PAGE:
Orange Terror line: Tiny vs Dual vs Micro vs Rocker vs Stamp

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Since Orange introduced the Tiny Terror amp in 2006 the industry changed forever.

The lunchbox low power amp concept might not have been new, but it surely wasn’t as popular as it is nowadays.

This amazing-sounding little amp and its fun marketing and aesthetic really made an impact on the player base.

Since then, Orange has discontinued the original Tiny Terror, but the “Terror” line has expanded greatly.

In this article, we will make an overview of the current state of this amp line. We decided to keep the “Dark” sub-line out of this analysis since we think they deserve their own separate article.

If you want a short answer about what are the main differences between these amps, here it is:

The main differences between the Orange Tiny Terror, Micro Terror, Dual Terror, Rocker 15 Terror, and Terror Stamp are that the Tiny Terror is an all-tube simple lunchbox amp. The Micro Terror and Stamp Terror are cheaper and solid-state powered. The Dual Terror and the Rocker 15 Terror are 2 channel amps.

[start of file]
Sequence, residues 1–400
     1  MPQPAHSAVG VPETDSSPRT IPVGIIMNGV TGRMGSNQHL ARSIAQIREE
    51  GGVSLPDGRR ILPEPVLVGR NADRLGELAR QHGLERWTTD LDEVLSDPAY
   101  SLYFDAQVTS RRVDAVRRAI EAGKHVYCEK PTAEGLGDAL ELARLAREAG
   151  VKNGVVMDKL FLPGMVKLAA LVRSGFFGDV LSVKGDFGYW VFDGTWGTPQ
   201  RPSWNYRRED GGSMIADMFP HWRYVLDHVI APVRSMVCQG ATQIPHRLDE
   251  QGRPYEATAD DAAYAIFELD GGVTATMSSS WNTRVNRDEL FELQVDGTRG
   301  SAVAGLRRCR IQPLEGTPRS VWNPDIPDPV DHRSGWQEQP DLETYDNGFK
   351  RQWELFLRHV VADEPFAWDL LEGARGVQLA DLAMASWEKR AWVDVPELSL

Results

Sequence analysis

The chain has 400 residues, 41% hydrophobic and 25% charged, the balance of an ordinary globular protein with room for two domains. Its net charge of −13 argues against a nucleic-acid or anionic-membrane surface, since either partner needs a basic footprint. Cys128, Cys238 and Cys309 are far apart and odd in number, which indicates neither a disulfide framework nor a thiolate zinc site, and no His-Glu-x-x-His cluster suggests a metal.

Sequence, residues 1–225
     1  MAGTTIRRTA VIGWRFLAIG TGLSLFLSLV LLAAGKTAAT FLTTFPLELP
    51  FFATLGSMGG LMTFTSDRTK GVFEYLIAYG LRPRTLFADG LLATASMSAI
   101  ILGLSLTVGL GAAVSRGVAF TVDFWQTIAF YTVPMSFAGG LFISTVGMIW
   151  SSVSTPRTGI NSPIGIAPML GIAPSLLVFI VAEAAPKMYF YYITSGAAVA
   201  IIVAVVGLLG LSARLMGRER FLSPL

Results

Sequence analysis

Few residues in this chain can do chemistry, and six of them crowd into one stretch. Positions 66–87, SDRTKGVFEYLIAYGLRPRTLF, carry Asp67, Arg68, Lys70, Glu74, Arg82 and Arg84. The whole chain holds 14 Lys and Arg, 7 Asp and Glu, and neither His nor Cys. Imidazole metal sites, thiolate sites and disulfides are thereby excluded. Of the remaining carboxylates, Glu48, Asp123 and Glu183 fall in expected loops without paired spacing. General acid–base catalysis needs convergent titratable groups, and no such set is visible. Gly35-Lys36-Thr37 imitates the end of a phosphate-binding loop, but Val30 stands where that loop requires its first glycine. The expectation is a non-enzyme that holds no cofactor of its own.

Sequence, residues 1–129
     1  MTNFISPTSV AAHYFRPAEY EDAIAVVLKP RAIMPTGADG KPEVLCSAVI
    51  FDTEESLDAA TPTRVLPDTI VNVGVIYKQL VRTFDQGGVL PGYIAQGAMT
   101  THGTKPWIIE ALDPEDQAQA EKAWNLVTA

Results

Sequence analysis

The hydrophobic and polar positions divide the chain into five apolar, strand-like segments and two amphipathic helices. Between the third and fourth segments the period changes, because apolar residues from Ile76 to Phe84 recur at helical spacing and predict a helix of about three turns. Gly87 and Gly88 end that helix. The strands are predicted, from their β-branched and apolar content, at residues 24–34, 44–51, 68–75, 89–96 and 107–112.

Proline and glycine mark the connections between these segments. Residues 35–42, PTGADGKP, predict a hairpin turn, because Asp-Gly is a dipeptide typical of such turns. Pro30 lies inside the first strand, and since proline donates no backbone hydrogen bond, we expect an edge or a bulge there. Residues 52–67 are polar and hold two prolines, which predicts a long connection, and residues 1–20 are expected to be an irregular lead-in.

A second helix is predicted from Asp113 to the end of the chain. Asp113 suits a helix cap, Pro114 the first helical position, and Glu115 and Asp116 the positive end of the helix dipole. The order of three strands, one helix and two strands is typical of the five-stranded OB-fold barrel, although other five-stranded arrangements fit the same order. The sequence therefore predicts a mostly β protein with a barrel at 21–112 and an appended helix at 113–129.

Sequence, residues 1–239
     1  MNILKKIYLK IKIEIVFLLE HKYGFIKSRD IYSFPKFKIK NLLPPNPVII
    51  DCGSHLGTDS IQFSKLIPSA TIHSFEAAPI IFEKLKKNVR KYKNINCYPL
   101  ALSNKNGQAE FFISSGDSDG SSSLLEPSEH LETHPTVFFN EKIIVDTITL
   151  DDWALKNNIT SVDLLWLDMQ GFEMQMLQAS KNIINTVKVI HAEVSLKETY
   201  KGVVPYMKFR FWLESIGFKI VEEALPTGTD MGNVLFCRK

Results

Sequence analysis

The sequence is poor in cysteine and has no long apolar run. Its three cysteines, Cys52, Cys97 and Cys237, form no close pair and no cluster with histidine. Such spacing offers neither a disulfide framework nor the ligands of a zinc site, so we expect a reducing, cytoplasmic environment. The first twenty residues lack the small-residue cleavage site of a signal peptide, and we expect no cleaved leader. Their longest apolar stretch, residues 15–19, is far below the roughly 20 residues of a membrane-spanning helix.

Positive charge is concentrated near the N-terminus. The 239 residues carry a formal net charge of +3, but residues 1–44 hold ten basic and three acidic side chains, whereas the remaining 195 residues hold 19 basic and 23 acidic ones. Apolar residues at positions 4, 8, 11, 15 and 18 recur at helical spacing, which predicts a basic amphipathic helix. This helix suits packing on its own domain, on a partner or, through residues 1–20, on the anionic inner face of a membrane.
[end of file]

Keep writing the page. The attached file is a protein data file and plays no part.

If you want to stick around for a bit longer, we will talk about the main features of every amp in the Terror line, then we will put them side by side to compare its specs and talk about their main differences.

Finally, we will give you our insights into which one we think might be better for different kinds of players.

Are you ready to get started?

Let’s go!

Main characteristics of the Orange Tiny Terror

The Tiny Terror is the one that started this madness.

It has since then been discontinued, but it’s still very present in many player’s minds, and of course, in the used market.

The concept is simple: A small, portable tube amp capable of delivering amazing tones anywhere and at different volumes.

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This is a single-channel amp focused on its slightly overdriven tones. These can be achieved by combining the preamp gain setting with the pushing of its power section.

Its switchable power output greatly facilitates getting to the breaking point at lower volumes when set to 7 watts.

If you want to know more about the Tiny Terror, here is its spec sheet.

SpecTiny Terror
Channels1
Output power15/7 Watts (Switchable)
Preamp tubes2 X ECC83/12AX7
Power tubes2 X EL84
ControlsGain, tone, volume
Weight12.24 lbs
FX LoopNo

Is the Orange Tiny Terror loud enough to gig with?